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Failure To Thrive FTT Michal Kori M.D. Pediatric Gastroenterology.

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Presentation on theme: "Failure To Thrive FTT Michal Kori M.D. Pediatric Gastroenterology."— Presentation transcript:

1 Failure To Thrive FTT Michal Kori M.D. Pediatric Gastroenterology

2 Failure to thrive (FTT) is a sign that describes a particular problem rather than a diagnosis. The term FTT is used to describe instances of growth failure or, more specifically, failure to gain weight appropriately. In more severe cases, linear growth and head circumference also may be affected.

3 Definition There is no consensus regarding the definition of failure to thrive. FTT may be attributed to a child with any of the following:  Weight <2nd percentile for age and sex on more than one occasion  Weight <80 percent of ideal body weight for age and sex  Weight that is depressed in proportion to height  A weight trajectory that crosses two or more major percentile lines over time  A rate of daily weight gain less than expected for age

4 Daily weight gain expected for age 26 to 31 g/day for those 0 to 3 months 17 to 18 g/day for those 3 to 6 months 12 to 13 g/day for those 6 to 9 months 9 to 13 g/day for those 9 to 12 months 7 to 9 g/day for those 1 to 3 years

5 Expected changes in weight and length

6 Infants and young children with genetic short stature, constitutional growth delay, prematurity, or intrauterine growth restriction (IUGR) who have appropriate weight for length and normal growth velocity are not considered to have FTT.

7 Measurement and growth Accurate assessment of the child's weight, length, and head circumference is essential. In the child < 2 years, the recumbent length, should be obtained. Height (length), weight, weight for length, and head circumference, should be plotted on a standardized growth chart. Two growth charts are available; World Health Organization (WHO) growth charts (CDC/NCHS) Centers for Disease Control and Prevention and National Center for Health Statistics growth charts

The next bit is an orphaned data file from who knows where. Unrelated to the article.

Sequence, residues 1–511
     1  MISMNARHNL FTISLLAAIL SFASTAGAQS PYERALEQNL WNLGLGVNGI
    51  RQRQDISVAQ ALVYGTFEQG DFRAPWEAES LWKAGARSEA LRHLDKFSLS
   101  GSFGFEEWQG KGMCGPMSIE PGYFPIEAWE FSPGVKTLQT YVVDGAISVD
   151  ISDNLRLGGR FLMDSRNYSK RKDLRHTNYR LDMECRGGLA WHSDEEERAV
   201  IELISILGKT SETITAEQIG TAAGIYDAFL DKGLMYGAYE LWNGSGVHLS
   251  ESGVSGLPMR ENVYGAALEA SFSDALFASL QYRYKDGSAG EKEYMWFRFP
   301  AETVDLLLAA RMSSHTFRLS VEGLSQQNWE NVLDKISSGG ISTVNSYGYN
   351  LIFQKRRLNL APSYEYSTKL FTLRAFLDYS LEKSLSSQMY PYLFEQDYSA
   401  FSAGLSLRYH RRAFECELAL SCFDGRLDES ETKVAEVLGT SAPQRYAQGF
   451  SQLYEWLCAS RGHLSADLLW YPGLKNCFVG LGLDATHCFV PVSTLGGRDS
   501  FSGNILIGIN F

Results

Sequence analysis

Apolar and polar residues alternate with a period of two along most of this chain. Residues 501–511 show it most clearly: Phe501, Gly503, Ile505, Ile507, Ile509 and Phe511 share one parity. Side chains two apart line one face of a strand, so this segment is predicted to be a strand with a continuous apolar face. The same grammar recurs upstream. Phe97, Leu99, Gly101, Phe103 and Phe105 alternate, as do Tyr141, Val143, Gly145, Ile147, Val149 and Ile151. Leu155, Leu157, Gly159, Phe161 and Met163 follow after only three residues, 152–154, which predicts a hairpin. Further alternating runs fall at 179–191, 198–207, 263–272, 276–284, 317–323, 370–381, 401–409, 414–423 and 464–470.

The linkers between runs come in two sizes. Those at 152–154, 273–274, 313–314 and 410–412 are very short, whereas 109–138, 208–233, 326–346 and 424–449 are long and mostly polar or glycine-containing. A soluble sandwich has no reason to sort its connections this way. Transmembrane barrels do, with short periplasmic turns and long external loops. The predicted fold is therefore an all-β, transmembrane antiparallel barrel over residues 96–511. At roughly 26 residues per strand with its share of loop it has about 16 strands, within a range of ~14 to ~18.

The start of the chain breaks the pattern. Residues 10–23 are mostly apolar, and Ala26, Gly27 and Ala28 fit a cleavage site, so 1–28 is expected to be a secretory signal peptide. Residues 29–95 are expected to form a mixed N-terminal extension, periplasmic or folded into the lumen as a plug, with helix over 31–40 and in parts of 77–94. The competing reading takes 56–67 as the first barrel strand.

8 Growth trajectory The growth trajectory is assessed by plotting the child's growth parameters at various ages on a growth chart standardized for sex, age, and medical condition (eg, Down syndrome). Special attention should be paid to the timing of changes in the slopes of the weight, length, or head circumference trajectories.  What happened at that point in the child's life: initiation of complementary foods? Onset of diarrhea? Parental stressor

9 Normal growth parameters at birth deceleration in weight, followed by deceleration in stature z"stunting", and finally deceleration in head circumference is characteristic of inadequate nutritional intake. As stunting develops, the weight for length may return toward normal. Normal growth parameters at birth with simultaneous deceleration in length and weight before two years of age and normal growth velocity after two years of age is suggestive of genetic short stature or constitutional growth delay. These normal growth patterns are often confused with FTT. Deceleration of head circumference before deceleration in weight or length is suggestive of a neurologic disorder

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11 Proportionality Decreased weight in proportion to length ("wasting") reflects inadequate nutritional intake. Decreased length in proportion to weight is suggestive of an endocrinologic abnormality. Decreased length with a proportionate weight may be nutritional (if long-standing), genetic, or endocrine in origin. When head circumference is impaired as much as, or more than, weight or length, intrauterine infection, teratogenic exposures, congenital syndromes, and other causes of microcephaly should be considered.